Shobanaa Bhalchandra will present ‘Paatti Sonna Kathaigal’ on August 22 to mark the 25th anniversary of her dance school

That the classical genre is far from rigid is being proved by the many unconventional and thought-provoking thematic performances that crowd the city’s cultural calendar.

In keeping with the spirit of the time, Bharatanatyam dancer Shobanaa Bhalchandra’s ‘Paatti Sonna Kathaigal’ will have an unusual protagonist — a grandmother. The performance on August 22 (7.30 p.m.) at The Music Academy will mark the 25th anniversary of her dance school Tharanginee. “For the past few years I was thinking of doing something to tell children that classical dance compositions are not only about a forlorn nayika or one who is steeped in sringara rasa or someone waiting endlessly for the hero to return. It’s challenging and exciting to explore the classical realm. As you delve deeper you realise there’s no dearth of ideas. And that the form lends beautifully to your imagination and creativity,” says Shobanaa, a student of the Dhananjayans and Kalanidhi Narayanan.

Youngest of the Trio Sisters of Chennai, she has conceived and choreographed quite a few dance productions including the well-received solo presentation ‘Meera’, set to songs from the classic Indian musical.

Her latest ‘Paatti Sonna Kathaigal’ will be presented by a 35-member troupe that will take up three stories that have messages or morals for children subtly woven into them.

The first one is the popular story of how some hungry birds get caught in the net laid by a hunter as they swoop down to pick at the grains. When they find it difficult to break free, they decide to fly together with the net. “It’s a lovely story of strength in togetherness,” points out Shobanaa. “In a tech-driven world, children are getting extremely isolated and self-absorbed and I feel they need to be made aware of real-world values to enjoy life in the true sense. I hardly see children spending time with their grandmothers and patiently listening to stories, while much of the elders’ time is taken away by TV serials. I have grown up on grandma stories, tales that are embedded in my mind. ‘Paatti Sonna Kathaigal’ is an effort to recreate the images of an era gone by,” adds Shobanaa.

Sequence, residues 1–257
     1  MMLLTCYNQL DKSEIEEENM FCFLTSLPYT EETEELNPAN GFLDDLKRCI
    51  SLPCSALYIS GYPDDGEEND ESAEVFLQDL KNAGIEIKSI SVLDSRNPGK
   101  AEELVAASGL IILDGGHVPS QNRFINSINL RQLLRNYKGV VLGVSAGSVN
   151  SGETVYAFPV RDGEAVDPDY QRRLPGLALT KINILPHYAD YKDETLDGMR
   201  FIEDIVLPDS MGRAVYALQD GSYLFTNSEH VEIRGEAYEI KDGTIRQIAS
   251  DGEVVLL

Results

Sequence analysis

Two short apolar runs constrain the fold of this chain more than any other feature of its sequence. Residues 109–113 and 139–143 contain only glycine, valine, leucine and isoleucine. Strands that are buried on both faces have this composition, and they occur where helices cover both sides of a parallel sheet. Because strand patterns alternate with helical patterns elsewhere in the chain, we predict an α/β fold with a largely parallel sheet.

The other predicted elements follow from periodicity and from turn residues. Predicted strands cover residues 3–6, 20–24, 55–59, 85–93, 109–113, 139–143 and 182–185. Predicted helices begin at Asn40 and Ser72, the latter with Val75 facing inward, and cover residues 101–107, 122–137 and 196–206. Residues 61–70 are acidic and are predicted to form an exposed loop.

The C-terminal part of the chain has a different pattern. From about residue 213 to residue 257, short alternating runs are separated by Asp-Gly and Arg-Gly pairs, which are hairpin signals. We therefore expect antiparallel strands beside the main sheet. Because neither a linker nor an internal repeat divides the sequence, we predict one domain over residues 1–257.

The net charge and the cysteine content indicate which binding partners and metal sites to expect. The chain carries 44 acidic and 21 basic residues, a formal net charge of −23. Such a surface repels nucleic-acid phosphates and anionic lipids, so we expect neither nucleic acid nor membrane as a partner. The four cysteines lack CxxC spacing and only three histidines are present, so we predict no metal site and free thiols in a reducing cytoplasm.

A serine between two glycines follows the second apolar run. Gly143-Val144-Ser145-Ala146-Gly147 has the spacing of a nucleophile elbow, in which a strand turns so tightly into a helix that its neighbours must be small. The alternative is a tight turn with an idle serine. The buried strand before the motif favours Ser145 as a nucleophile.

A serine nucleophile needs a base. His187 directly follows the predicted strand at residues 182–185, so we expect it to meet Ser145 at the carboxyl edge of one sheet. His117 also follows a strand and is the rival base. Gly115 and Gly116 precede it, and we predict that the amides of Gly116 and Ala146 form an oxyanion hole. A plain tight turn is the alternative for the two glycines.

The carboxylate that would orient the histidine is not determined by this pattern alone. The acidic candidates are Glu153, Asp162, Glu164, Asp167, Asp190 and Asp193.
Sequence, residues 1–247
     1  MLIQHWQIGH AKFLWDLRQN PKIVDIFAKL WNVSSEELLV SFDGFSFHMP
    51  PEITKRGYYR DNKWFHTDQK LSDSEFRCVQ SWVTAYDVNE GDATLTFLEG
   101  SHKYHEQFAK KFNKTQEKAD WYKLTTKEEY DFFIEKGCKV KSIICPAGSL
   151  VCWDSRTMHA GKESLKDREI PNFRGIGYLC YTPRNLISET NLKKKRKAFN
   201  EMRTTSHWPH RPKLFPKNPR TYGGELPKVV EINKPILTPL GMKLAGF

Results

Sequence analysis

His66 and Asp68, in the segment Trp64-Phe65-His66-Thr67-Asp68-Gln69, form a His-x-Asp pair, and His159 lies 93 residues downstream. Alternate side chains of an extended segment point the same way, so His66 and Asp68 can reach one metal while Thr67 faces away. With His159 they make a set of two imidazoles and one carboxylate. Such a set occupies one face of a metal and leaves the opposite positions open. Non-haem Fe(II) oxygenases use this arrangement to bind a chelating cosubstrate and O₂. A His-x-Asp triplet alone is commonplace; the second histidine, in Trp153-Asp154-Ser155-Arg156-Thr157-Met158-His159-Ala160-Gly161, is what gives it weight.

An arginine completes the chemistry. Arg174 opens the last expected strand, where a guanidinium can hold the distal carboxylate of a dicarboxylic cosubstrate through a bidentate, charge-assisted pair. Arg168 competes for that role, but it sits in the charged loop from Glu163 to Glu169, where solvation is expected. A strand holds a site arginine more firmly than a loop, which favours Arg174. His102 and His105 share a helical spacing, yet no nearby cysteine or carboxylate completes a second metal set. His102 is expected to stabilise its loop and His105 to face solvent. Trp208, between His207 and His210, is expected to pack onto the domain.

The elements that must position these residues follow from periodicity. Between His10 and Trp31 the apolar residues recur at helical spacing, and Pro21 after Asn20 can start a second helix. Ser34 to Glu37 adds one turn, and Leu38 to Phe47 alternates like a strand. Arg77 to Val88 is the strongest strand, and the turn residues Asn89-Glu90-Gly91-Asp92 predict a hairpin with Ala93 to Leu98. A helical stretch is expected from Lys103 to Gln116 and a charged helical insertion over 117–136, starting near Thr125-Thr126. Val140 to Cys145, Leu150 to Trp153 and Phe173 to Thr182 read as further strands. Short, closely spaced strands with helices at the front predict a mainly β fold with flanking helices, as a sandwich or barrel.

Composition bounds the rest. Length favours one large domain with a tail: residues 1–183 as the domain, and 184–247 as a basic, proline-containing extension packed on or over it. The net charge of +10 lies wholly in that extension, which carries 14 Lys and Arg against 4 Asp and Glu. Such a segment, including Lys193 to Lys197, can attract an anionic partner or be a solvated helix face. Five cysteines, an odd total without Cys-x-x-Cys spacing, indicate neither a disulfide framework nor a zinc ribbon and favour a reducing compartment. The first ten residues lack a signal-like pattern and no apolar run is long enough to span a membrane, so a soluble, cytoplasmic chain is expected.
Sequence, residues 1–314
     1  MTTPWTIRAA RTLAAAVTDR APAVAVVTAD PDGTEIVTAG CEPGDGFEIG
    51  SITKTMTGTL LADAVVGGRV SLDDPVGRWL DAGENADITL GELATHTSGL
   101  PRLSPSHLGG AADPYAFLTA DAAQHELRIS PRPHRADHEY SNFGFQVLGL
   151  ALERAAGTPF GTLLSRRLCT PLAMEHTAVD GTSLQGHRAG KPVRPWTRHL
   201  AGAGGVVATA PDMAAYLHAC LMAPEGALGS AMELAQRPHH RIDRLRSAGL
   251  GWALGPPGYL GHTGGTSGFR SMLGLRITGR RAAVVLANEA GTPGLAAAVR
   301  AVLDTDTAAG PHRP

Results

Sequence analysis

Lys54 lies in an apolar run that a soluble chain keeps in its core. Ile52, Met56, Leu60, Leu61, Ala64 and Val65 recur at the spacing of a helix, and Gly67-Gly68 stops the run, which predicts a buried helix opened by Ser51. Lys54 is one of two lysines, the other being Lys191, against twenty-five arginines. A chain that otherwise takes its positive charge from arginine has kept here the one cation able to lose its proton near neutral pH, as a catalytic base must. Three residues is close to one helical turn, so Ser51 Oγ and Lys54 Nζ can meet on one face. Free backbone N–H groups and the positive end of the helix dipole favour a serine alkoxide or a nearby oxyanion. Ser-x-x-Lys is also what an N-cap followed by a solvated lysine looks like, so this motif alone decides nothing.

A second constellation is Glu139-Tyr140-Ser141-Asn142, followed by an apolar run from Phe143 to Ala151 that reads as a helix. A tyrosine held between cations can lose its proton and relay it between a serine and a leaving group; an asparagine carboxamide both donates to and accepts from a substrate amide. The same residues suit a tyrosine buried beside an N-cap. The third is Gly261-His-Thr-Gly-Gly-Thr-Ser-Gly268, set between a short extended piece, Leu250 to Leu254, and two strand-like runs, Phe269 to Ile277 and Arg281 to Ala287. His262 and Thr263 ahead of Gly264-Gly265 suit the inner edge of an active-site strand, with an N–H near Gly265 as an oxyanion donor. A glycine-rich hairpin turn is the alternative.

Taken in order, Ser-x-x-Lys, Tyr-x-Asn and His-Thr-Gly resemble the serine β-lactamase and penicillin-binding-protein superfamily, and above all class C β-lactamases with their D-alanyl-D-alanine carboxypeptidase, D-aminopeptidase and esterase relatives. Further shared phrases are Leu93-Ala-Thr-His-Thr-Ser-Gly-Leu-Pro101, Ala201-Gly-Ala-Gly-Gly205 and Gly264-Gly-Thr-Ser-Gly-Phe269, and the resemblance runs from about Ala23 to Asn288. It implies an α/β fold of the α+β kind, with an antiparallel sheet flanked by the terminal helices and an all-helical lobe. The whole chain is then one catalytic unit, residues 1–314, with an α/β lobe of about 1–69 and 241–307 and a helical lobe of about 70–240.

The second story in the performance about monkeys has a touch of humour while the third talks about how a ruler should be. The lyrics have been penned by Revathi Sankaran.

The production will also be performed in a few city schools — Bharatiya Vidya Bhavan Rajaji Vidyashram (August 26), Chettinad Vidyashram (August 28), Chennai Public School (August 29), Chinmaya Vidyalaya (August 30), V-Excel Educational Trust (August 30) and Vidya Mandir, Mylapore (September 2) — to make it an inclusive work. “Children’s responses will complete the purpose of my project — of touching lives through art,” smiles Shobanaa.